Three cases have re-considered position of the expert evidence and the importance or otherwise of experts expressing the strength of their opinion on a statistical or numerical basis. Although these cases concerned DNA evidence, the reasoning could be applied in relation to any evaluative expert opinion where a statistical analysis is not possible, and as such has potentially wider implications.
The Court of Appeal heard the appeals of Duglosz, Pickering and MDS together as each case, although these cases had quite different factual circumstances, the Court took issue with the admissibility of evidence in relation to Low Template DNA samples from mixed profiles. The particular issue was whether expert evidence was admissible when it was impossible for the expert to express the strength of the evidence in statistical terms, and could only give an evaluative opinion.
In each case the Crown relied on evidence from analysis of Low Template DNA from a mixed sample. Low Template DNA is the term given to very small samples of DNA which require additional amplification during analysis in order to produce a full DNA profile. Mixed samples refer to samples of DNA where there are at least two contributors.
The availability of only mixed samples meant that statistical or numerical analysis of random matching was not possible in any of the cases. No expert was able to present their analysis in a format which set out the chances of the defendant’s DNA being present by chance.
Applications to exclude the expert evidence were made by the defence lawyers in each of the cases on the basis that the jury could not properly assess the relative significance of the presence of the defendant’s DNA without expert evidence in statistical format which set out the probability of a match happening by chance.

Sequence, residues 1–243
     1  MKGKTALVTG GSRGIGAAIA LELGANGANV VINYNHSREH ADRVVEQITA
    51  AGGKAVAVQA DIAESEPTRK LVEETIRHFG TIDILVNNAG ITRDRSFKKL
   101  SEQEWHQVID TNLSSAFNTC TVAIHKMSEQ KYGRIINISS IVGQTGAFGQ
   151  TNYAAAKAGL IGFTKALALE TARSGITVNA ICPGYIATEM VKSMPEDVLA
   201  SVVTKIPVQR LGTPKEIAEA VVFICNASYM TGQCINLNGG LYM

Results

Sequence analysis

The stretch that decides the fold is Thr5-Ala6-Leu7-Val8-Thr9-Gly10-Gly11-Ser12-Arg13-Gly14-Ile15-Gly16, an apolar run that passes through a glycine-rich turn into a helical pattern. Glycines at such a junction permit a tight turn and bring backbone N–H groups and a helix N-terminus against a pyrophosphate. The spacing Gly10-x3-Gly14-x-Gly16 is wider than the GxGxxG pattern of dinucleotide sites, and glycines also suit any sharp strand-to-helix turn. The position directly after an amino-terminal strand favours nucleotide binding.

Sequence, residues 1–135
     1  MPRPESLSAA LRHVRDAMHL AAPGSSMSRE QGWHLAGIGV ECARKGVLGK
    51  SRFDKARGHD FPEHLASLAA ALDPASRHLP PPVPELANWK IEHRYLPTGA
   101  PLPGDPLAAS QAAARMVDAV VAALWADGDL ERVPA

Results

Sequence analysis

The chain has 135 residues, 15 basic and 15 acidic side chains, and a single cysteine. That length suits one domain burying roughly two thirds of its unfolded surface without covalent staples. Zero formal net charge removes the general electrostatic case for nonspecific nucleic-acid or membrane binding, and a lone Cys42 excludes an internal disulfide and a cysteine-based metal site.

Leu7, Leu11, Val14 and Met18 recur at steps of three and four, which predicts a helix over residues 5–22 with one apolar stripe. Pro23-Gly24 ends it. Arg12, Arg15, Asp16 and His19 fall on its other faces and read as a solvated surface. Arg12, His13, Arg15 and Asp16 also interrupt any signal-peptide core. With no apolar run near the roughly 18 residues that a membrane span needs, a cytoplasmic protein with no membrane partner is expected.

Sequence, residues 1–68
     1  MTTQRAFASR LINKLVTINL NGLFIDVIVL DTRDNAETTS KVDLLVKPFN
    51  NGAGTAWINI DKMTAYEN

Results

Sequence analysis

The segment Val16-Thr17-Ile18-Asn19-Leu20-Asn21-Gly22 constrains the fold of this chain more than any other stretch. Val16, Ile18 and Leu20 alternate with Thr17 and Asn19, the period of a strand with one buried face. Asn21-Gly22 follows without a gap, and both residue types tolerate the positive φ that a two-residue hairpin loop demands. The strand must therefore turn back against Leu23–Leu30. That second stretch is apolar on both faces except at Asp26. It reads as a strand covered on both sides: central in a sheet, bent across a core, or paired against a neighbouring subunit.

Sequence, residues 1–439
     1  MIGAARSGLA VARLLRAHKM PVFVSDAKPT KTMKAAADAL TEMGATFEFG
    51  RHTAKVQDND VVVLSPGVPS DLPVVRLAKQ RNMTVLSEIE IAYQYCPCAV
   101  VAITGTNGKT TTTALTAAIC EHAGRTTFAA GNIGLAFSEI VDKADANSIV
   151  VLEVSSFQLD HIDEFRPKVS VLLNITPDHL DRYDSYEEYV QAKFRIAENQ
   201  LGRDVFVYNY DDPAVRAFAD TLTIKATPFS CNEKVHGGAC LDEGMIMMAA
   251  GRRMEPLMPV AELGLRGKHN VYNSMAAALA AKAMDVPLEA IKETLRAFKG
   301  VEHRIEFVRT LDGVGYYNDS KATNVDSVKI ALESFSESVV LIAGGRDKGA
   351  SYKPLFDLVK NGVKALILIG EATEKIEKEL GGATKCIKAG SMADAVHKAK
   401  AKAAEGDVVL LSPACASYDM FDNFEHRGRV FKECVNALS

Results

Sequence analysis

In the case of Duglosz the Crown’s expert said that it would be “rare” to find all 20 components of the defendant’s DNA in a mixed profile if he had not been involved in the offence. The defence expert stated it would be “somewhat unusual”.
In Pickering the Crown’s expert stated that the findings were more likely to be consistent with the complainant’s account than with Pickering’s account, but that he could not express a view on the strength of the support. No independent forensic evidence was relied upon by the defence.
In MDS the Crown’s forensic expert expressed her findings according to a hierarchy of views, stating “in my opinion if MDS had contributed a portion of DNA then…the result is what I might expect” and “If MDS had not contributed any of the DNA to the sample, then I consider it unlikely that all of his components would be represented...by chance alone.”
The Court of Appeal considered the format of the forensic evidence, whether there was a need for statistical analysis and the status of the expert in each case. The Court concluded that “evaluative evidence is admissible provided that the judge is satisfied that the expert giving that evidence has a proper basis for giving the evaluative evidence based upon his or her experience”.
This means that where the nature of the evidence does not permit statistical analysis to be undertaken, the status of the expert is of paramount importance. It would be wise for defence lawyers to consider carefully the qualifications and experience of any potential expert witness before instruction, and to have particular regard to the number of times the expert has undertaken the specific analysis required. These factors will form the basis of any assessment of the relative weight of prosecution and defence expert evidence, and will be central to arguments concerning its admissibility. In some cases, especially those involving serious sexual or violent offences, this could mean the difference between conviction and acquittal